If you live in a big city (or maybe even if you don’t), you’ve likely been targeted at least once for a well-known scam. A well-dressed person near a transit center claims to have fallen on very temporary hard times such as losing a wallet and needs cash for a train or bus ticket home. Could you possibly spare $10 or $20 to help out? They’d normally never ask, and they’ll even mail the money back if you can help them out of a tight spot. Maybe you take pity, only to see the same person telling the same story in the same train station the next week. It’s a con.
In The Confidence Game: Why We Fall for It . . . Every Time, Maria Konnikova discussed con artists and how people don’t accuse them or turn them in as often as you’d think. Turning in a con artist is essentially a public admission of foolishness for victims, who in the process of making the accusation also have to admit that they fell for a ruse. As a result, many con artists are able to carry on longer than you’d think, deceiving increasing numbers of people over time.
Konnikova describes being approached for the relatively minor con I mentioned above while on a date in New York. While she was savvy to the trick, her date handed over some cash. He was eager to impress her and probably didn’t realize it was a con.
Despite Konnikova’s (well-founded) assertion that con artists are able to get away with the scam because victims are too embarrassed to point fingers, I think social media is increasing the risk of exposure, especially for scams like the public transit one. In Boston, I’ve noticed that people will tweet about known con artists to accounts like Universal Hub, whose retweets then warn others of the location of the con artist at a given point in time. There’s even a website where sightings of one particular “con man” are compiled.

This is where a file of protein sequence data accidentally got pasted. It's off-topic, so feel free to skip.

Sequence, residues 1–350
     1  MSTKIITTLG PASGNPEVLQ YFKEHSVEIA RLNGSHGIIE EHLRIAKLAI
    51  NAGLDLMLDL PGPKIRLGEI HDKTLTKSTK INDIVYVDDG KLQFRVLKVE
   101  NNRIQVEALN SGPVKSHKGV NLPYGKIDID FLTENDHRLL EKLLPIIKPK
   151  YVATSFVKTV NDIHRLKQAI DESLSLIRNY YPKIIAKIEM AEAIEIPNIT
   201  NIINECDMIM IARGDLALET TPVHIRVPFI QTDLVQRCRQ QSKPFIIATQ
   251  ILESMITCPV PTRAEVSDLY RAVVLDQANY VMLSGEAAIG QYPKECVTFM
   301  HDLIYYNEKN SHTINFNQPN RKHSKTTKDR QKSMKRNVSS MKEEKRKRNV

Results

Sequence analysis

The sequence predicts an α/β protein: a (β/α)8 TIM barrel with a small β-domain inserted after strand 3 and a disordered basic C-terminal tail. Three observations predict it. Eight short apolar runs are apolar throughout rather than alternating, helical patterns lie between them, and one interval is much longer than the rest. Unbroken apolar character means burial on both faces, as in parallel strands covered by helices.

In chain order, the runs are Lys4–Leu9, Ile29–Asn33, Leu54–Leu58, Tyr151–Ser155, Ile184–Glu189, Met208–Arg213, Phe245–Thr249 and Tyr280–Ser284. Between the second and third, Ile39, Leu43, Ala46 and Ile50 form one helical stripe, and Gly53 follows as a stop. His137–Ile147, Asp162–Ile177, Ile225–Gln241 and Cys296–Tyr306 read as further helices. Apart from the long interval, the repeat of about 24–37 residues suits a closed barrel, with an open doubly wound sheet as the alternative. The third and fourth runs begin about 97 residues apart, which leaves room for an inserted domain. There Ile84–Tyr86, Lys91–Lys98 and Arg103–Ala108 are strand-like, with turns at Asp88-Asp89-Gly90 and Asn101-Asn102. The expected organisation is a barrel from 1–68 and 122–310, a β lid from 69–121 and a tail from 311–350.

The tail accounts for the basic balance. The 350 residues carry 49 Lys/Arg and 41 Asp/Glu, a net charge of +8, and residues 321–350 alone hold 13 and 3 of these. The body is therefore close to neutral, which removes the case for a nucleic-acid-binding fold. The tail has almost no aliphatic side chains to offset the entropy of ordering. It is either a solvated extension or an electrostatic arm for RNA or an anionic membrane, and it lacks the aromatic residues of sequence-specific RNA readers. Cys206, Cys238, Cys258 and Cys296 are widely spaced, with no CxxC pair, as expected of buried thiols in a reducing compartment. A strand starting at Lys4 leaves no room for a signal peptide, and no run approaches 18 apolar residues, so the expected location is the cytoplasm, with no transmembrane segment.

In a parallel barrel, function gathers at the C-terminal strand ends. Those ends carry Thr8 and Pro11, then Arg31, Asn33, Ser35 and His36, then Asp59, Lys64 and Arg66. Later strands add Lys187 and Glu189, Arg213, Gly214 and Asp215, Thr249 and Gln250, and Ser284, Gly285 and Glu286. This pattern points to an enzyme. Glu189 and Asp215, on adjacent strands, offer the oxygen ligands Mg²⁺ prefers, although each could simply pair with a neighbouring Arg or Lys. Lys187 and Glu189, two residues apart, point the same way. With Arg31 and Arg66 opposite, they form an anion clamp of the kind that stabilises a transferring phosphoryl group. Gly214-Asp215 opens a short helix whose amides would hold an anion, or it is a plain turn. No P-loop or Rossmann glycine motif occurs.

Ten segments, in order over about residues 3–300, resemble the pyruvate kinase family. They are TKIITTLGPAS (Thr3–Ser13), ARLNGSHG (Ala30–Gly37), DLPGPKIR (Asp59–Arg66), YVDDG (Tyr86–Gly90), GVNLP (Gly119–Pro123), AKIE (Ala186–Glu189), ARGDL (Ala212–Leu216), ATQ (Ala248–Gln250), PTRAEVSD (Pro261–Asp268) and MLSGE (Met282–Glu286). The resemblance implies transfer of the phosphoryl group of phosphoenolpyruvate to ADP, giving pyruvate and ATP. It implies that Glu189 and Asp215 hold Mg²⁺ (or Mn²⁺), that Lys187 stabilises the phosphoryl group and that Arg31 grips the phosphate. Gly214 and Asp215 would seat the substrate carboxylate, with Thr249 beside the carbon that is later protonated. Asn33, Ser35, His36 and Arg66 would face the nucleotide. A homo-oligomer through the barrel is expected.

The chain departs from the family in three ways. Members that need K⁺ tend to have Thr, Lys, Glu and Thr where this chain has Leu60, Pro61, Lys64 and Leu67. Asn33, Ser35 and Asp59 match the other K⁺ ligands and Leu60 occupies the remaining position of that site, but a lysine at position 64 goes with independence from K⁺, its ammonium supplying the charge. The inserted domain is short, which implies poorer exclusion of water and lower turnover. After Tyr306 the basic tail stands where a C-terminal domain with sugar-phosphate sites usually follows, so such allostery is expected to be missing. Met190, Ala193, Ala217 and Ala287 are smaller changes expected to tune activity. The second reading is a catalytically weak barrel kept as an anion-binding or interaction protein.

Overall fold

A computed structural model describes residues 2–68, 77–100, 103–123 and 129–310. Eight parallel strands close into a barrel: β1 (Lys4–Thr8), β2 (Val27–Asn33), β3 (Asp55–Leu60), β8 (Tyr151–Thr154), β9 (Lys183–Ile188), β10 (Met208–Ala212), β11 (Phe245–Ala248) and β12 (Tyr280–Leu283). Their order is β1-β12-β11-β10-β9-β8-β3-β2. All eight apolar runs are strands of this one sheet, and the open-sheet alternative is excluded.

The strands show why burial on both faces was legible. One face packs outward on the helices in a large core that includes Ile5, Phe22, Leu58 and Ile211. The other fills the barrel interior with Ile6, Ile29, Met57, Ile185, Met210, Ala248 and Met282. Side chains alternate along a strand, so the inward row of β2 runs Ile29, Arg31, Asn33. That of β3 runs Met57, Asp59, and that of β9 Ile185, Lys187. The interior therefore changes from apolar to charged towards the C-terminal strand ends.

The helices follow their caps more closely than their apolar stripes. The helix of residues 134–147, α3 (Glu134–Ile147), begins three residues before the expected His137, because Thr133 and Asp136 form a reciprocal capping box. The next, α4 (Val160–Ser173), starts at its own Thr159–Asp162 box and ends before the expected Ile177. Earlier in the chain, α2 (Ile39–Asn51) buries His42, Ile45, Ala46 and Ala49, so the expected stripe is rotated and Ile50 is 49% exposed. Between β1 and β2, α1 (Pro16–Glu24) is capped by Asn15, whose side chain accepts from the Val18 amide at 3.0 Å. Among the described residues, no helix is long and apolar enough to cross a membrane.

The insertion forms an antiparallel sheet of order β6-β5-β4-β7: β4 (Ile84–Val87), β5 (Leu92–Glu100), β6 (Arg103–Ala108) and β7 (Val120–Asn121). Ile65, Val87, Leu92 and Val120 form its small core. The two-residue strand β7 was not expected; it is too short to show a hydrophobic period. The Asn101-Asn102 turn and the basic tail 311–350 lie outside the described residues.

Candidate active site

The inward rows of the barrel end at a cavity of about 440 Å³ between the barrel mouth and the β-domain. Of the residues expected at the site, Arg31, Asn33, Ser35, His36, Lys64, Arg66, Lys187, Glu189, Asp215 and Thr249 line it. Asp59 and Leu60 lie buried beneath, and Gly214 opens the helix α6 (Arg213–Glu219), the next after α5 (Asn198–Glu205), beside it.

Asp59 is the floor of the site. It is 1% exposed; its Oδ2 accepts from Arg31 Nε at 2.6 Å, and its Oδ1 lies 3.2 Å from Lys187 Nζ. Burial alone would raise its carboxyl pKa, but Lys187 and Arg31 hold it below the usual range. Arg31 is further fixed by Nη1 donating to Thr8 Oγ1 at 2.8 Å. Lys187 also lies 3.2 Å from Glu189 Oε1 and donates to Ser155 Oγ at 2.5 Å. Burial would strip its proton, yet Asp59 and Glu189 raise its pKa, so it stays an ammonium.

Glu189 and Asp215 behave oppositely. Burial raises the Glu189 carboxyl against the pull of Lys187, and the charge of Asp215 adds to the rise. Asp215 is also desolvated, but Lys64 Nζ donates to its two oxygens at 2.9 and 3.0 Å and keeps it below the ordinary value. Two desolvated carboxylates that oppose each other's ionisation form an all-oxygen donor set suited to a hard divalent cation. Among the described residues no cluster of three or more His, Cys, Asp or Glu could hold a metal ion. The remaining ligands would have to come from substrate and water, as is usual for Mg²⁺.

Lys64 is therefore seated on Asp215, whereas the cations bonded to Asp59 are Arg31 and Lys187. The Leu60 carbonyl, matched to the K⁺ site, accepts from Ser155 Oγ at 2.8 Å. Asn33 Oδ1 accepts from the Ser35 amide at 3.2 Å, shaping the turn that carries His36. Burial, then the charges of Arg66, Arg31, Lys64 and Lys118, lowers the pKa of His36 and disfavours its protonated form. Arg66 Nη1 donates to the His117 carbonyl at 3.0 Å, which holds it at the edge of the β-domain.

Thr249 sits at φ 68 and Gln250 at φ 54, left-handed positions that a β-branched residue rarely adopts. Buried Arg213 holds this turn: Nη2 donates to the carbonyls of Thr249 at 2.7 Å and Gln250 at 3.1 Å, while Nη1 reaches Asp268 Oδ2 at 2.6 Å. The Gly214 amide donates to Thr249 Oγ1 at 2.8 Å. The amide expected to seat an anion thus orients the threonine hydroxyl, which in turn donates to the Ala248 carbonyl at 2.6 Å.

I think social media adds at least three ingredients to the dynamics that make it easier for people to uncover these minor cons:
Anonymity. Not all people who report these scams do so anonymously, but many do. Even if a person uses their real name, chances are that readers don’t know them in real life. We know from research that people behave more boldly when they are anonymous.
No admission of personal victimhood. Even if the reason you know someone is conning you is because you fell for it in the past, there’s no need to say so in your social media report. You can conveniently sidestep that information in your account, removing embarrassment from the equation.
A chance to be a hero. Reporting a con artist on social media is an action ostensibly intended to help others. The message is, “I’m not doing this as an act of revenge, but to protect innocent people from being deceived.” Being a hero feels good, and may motivate some people to speak up. It helps that social media is real-time transmission and may realistically help alert some people to avoid a shady character.
I do feel bad for people who are genuinely in need of help and perceived as scam artists, and think there’s value in occasionally helping out even at the risk of being conned. If the cost to me is only a few bucks but it actually helps someone who needs it, that’s not much to pay. That said, if you know of a repeat offender, it’s nice to have a mechanism to alert others to the ruse so they can focus their altruism elsewhere.